Monday, November 7, 2011

The long and winding road

I don't usually write about politics, or even talk about politics. But I feel inclined to say for the first time in my life, I am inspired to believe in the future of Saskatchewan.

Tonight the Saskatchewan Party was elected with a majority government, under the leadership of Brad Wall.

I do not know Mr. Wall, but he seems to be a home grown kind of guy, with good intentions. But more importantly, Mr. Wall has the ability to lead, and make things happen. He has the ability to inspire followers and engage non-believers. To inspire someone like me to believe in the future of Saskatchewan.

Tonight, he recounted the successes of the past 4 years, and the promises kept, all which are valid. We are experiencing the benefits of a prosperous mining sector, and an open door policy for business. We have grown as a province and an economy. As Mr. Wall says, there is yet more work to do.

It is important to remember that the road to change is  a long and winding road, paved with economic evolution, hard decisions and changes that spanned the 80's, 90's, and the new millennium.

Our family's hometown, Westbend, was the town closest to my grandparent's farm community. In its day, it was a thriving little town with a co-op store, a gas station, and a post office.

Since then, Westbend has slowly but surely disappeared like so many other towns as a result of changes in the agricultural economy and policies that were implemented, such as branchline relocation and the crow rate. As the agricultural economy became more efficient and centralized, small farming communities lost services and people.

There was an exodus of Saskatchewan people looking for greener pastures in Alberta. We were part of the mass exodus that left Saskatchewan to find a job and life in Alberta.  We found jobs, but not a life. Houses were out of reach and a life of driving 3 hours a day and living in rented houses was not in my plan.

I wanted to study Journalism, so we moved back to Regina with our babies, bought a house, and got an education. In the back of my mind, however, I did not have faith in the province's sustainability, so we always kept one foot elsewhere, metaphorically speaking. 

As a student journalist, writing for the Kindersley Clarion, I remember writing about the massive changes that rural Saskatchewan had undergone as a result of efforts to streamline the agricultural economy.

Incidentally, that was the year the NDP and Mr. Romanow was re-elected with his "Quiet Revolution" plan, which promised a series of changes in 3 years. To be honest, it was not inspiring. It was frightening, hardline change. I attended a conference bullpit session of Saskatchewan delegates where they were told to change, or change would happen to them.

By the time our group of student journalists were able to interview Mr. Romanow, the "paid" media had already written all about his 3-year Quiet Revolution plan.  Mr. Romanow was a master of key messages so there was no unseating this politican.  My audience was waiting for a story that was meaninful to them so I had to get creative.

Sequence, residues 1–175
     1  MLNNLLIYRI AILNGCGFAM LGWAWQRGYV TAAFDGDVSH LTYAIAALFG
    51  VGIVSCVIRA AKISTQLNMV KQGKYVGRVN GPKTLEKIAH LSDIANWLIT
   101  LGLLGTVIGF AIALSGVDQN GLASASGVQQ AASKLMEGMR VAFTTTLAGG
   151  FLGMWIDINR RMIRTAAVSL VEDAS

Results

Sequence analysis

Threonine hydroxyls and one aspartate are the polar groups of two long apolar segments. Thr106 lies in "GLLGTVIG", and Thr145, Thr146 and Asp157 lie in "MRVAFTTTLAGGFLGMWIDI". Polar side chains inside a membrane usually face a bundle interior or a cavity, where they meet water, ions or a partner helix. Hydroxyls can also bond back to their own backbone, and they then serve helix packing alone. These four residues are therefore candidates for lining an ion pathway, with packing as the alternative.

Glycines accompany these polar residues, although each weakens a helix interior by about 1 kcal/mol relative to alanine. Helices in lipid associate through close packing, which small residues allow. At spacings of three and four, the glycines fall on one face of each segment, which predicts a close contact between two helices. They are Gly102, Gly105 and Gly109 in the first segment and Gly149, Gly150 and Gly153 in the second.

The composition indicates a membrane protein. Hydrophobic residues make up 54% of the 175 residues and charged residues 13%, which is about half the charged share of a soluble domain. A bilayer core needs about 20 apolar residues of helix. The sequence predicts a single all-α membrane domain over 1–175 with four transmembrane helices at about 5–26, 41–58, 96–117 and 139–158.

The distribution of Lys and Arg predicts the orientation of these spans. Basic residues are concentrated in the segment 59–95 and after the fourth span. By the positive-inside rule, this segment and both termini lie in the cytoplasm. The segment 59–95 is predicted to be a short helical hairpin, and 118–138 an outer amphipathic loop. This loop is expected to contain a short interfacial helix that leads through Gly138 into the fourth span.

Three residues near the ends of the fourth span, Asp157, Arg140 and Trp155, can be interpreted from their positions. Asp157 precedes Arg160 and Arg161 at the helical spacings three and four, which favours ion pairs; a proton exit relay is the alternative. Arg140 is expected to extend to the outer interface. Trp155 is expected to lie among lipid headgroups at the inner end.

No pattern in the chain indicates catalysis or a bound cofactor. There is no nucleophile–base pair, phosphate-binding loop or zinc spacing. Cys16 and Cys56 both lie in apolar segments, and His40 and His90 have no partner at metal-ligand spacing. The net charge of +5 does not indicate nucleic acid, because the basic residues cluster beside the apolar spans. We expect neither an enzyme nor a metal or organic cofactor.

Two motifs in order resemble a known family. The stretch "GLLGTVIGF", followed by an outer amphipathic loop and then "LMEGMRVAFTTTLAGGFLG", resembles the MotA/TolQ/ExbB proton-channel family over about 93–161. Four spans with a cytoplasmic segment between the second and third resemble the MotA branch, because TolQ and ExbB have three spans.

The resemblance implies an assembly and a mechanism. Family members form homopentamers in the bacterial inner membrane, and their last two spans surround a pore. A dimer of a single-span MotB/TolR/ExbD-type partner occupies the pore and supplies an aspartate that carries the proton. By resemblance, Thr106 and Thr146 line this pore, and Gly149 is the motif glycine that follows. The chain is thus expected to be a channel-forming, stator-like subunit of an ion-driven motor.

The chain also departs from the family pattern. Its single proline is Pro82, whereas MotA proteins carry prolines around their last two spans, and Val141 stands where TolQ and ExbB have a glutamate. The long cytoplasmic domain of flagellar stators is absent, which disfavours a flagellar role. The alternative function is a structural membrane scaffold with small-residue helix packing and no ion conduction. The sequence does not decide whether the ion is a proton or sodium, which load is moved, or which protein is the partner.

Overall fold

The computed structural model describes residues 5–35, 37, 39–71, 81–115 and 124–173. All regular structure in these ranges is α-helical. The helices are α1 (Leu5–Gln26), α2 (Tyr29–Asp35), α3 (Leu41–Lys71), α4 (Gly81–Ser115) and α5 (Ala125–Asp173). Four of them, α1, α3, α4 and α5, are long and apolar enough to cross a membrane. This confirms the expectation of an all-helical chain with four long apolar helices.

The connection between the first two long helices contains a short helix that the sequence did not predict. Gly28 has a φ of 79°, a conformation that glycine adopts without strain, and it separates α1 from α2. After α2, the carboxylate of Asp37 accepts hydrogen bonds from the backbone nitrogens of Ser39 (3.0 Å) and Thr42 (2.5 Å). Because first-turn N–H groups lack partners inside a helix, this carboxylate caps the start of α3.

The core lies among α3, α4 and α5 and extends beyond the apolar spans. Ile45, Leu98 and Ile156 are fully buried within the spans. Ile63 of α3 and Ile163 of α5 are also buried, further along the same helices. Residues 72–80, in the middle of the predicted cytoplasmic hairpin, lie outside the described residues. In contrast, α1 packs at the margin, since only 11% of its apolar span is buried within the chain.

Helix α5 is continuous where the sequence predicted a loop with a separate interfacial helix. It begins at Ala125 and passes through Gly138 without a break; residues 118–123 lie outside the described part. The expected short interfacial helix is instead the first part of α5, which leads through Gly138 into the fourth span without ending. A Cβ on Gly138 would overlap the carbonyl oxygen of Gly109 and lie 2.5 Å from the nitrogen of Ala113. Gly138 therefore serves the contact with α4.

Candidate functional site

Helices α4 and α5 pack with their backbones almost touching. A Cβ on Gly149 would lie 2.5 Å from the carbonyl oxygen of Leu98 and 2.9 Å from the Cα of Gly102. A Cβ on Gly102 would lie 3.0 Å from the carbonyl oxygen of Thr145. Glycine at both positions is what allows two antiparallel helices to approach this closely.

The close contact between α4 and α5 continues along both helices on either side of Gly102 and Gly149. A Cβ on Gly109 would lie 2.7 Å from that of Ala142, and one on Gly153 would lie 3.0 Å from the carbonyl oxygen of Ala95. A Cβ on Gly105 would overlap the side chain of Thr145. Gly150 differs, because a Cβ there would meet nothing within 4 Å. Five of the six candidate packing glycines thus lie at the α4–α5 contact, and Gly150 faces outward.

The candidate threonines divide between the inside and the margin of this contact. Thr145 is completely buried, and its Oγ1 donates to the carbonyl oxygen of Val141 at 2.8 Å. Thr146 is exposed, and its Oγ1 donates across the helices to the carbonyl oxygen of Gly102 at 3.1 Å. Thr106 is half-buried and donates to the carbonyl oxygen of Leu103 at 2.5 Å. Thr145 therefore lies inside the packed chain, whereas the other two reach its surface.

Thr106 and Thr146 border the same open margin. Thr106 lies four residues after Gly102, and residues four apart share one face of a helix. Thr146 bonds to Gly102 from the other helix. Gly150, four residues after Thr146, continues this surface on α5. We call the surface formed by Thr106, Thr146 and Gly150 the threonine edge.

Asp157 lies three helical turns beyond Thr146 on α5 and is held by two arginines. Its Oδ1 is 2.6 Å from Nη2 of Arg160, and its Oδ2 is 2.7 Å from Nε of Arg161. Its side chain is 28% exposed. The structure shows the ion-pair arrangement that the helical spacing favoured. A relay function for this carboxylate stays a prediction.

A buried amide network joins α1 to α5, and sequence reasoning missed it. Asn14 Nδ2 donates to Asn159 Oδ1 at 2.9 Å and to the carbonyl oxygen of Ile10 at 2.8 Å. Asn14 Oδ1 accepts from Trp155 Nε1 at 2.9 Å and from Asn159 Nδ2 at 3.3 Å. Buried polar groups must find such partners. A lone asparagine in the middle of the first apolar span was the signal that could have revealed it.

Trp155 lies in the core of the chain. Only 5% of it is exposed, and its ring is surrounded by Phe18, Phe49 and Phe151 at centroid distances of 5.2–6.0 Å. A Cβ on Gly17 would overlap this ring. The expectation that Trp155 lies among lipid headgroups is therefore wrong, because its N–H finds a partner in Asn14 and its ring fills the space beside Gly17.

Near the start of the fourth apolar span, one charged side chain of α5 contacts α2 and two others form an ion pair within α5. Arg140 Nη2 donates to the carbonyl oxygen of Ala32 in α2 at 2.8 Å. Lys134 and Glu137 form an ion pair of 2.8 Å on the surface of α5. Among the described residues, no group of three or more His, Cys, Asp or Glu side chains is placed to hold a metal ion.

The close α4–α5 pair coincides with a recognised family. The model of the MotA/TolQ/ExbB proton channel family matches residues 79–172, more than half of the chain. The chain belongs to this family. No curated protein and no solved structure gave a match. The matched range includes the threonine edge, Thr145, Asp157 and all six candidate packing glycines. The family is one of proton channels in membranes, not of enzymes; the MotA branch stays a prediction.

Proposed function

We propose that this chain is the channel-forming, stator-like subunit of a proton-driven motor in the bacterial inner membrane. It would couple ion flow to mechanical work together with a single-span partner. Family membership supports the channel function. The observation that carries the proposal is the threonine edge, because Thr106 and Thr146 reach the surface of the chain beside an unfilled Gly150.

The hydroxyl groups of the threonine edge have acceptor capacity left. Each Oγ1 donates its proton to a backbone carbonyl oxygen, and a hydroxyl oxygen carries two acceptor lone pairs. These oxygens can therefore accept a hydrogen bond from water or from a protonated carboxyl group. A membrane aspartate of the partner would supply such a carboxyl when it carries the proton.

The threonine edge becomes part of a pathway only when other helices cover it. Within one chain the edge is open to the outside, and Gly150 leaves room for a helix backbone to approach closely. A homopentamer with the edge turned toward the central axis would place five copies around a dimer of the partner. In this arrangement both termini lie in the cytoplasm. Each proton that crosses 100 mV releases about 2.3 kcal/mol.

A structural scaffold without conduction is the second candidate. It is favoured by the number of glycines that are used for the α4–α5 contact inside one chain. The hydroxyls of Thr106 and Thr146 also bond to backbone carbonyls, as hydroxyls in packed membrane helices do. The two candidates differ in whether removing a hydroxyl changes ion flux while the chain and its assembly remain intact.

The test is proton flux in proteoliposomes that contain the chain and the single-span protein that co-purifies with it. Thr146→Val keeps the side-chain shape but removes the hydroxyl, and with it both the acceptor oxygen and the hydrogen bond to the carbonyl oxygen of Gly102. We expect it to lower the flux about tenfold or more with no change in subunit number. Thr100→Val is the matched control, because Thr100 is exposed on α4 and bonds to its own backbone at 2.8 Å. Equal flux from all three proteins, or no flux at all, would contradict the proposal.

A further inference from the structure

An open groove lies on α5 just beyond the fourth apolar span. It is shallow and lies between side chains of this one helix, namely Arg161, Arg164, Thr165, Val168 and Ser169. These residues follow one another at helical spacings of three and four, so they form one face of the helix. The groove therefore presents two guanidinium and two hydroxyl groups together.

At the end of the interview session, I asked him for an autograph in my daughter's book. He wrote, "The future is yours Sara." On the same page, was her favorite poem: "Fuzzy Wuzzy Wuz a Bear . . ."

I couldn't resist the irony and the temptation to include the poem and his best wishes for Sara's future in a story about the difficulties rural Saskatchewan was facing. (A tiny moment of journalistic satisfaction)

Change happened. Later I was to write about a school closure in Dinsmore. The empty halls and classrooms still dense with chalk dust reminded me of the impact of change on children, wondering how could they believe in tomorrow when their today was disappearing.

We stayed through the 90's and into the new millennium.  We earned degrees and made sacrifices to ensure that we had meaningful employment to give our kids a good life. My husband, an industrial engineer, worked up north for more than 4 years, coming home only on weekends while I raised teenagers and worked as a corporate planner and writer for large corporations and the credit unions.  

Over the past 4 years, something has changed. Our economy has grown. There is an attitude of possiblity. There is a hope for the future. 

For the first time, I can honestly say that I have confidence in a government, and possibly, a person. I believe him when he says, "We are never going back" to despair and being a have-not province.  I believe him when he says we are moving forward.

This is where my grandparents settled, and broke the land. I can honestly say I never get tired of a sunset or the smell of the air in spring. I marvel at sundogs, despite the fact that a sighting means eminent frigid temperatures. I can't help but get out of my car just to take in the vista of a clear blue sky and a golden field.  

Something has changed. Maybe it's me. Or maybe I am finally home.    

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